This particular case related to a man called Abraham Eastoe; (there is a grave in the Abbey churchyard of a Thomas Eastoe, who may have been related). Abraham Eastoe died in 1768; he had recently married, and his wife had brought with her very considerable property, but she died shortly after her husband, and then there was a struggle about the inheritance between the two fathers. 'mere appear to have been no children, or if there were, they were very young. The probate inventory shows that the Eastoes had three boats; one was called the Little Francis, another the Stratford Galley, and the third the Warwick Galley. At the end of the inventory there was a list of people who owed Abraham Eastoe money, and a note of where they lived; in Gloucester, Worcester, Bristol, one in Camden and one in Stroud, others in Pershore and Evesham, and many from Stratford and still further afield, even as far as Northampton and Banbury. Unfortunately, the inventory does not say why these people owed Abraham Eastoe money, but they were probably people who had chartered his boats. This is the sort of evidence that can be found in court eases or probate, if you are lucky. In the earlier years debts were often listed, but after 1660 they are usually cited simply as 'his debts'.

Table 2

Most Tewkesbury boats went to Bristol, though some went further afield. There was a flourishing trade in salt with Bridgwater; the Tewkesbury boats may have gone to Worcester to collect it, or it may have been brought to Tewkesbury in smaller boats and there transshipped into larger boats for the voyage to Bridgwater. Some Tewkesbury boats sailed as far as Cornwall and Tenby, and the Gloucester boats even further. Many of the boats, of course, went no further than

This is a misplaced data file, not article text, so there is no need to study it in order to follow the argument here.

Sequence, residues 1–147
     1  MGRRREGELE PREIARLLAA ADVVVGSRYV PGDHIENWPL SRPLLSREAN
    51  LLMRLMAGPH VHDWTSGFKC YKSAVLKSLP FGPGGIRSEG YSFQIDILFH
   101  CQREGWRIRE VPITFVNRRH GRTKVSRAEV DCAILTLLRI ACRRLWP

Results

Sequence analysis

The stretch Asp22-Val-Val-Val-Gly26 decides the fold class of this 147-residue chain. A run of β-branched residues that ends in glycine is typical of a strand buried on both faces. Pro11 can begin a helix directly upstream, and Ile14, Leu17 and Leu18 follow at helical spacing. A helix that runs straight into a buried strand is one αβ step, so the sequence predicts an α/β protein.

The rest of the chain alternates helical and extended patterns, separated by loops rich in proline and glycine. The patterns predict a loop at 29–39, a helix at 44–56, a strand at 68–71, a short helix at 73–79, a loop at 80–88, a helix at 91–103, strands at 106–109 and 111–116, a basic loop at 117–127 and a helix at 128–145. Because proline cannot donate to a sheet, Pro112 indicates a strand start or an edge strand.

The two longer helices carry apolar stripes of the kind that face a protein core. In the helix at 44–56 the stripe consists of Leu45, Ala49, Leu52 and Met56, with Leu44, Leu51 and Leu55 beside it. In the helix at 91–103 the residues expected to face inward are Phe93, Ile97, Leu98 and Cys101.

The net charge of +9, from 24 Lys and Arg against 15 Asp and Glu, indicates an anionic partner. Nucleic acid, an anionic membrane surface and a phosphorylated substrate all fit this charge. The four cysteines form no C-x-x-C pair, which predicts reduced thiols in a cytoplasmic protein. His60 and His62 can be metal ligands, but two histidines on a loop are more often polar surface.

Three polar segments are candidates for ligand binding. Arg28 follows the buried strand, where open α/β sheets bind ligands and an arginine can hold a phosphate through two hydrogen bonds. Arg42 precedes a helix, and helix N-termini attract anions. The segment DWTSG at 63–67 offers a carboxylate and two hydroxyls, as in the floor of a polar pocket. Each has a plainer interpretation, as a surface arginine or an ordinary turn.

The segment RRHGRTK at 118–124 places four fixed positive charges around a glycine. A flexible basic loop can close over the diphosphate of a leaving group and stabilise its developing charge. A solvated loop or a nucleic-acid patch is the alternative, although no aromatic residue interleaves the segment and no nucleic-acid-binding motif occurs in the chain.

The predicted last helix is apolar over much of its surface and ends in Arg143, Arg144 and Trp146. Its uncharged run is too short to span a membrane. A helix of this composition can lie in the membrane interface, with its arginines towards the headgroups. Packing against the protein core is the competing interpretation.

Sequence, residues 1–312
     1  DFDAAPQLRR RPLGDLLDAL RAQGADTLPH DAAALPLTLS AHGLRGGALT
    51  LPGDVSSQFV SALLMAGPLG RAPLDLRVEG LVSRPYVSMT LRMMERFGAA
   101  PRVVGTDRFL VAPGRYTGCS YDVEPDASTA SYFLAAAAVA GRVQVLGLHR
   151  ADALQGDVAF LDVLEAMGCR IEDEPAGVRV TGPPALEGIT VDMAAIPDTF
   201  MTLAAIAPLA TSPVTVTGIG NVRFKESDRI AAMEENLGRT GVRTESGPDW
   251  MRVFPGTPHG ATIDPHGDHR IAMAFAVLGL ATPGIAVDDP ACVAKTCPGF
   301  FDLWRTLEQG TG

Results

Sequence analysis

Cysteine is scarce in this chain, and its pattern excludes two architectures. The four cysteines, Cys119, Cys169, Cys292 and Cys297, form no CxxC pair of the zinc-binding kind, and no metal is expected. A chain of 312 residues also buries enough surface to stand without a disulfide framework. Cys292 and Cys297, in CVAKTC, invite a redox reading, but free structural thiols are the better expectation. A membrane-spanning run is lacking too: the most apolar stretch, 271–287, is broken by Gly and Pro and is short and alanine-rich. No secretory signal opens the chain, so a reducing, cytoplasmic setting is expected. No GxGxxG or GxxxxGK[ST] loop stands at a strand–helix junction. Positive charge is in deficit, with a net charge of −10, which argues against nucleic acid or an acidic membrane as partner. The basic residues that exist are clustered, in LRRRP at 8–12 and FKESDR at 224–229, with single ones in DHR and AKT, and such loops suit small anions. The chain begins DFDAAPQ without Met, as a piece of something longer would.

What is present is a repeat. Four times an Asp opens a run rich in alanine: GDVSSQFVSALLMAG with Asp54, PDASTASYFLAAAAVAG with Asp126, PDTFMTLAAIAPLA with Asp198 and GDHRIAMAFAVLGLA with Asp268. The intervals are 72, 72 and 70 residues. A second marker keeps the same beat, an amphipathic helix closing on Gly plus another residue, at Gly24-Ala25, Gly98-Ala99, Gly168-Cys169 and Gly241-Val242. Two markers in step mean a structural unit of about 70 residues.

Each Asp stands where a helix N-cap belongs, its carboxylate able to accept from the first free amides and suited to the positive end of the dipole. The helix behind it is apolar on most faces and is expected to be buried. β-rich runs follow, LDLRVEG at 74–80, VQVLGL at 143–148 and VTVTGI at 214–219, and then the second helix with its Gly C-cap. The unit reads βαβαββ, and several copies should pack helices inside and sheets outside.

Table 3

I can only quote some examples of the cargoes carried by Tewkesbury boats. Malt was by far the most important cargo, and of all the ports on the river Tewkesbury was the most important for the carriage of this cargo, as you would expect. The figures are based on weight. Gloucester was also important as a malting port, but in only one year did it carry more than Tewkesbury.

Table 4

Cider was also an important cargo, and Tewkesbury was the most important cider port after Worcester. Surprisingly, stockings, although their manufacture was Tewkesbury's most important industry, do not feature largely as a cargo. They were mostly transported overland, but the only boats which did carry stockings came from Evesham, Worcester or Tewkesbury. 

Quite considerable amounts of timber and wood were carried, but beyond that it appears that cargoes from Tewkesbury were more varied than those of any other port. This reflects the fact that Tewkesbury's catchment area was not industrial; it was agricultural, with stocking-making as the only industry. The other interesting thing is that, unlike Gloucester, Tewkesbury did not have a very important transhipment function. Tewkesbury's importance as a port was that it carried goods very considerable distances. 

We do not need to transcribe the Tewkesbury coquets, for the information is already on the database, but we lack the context into which the figures will fit. The will of James Glover or the probate inventory may be available, for instance, or his name may be on the parish register, or he may have married a girl whose name we can recognise as the daughter of another shipowner. It is in that area that we need to carry out further research.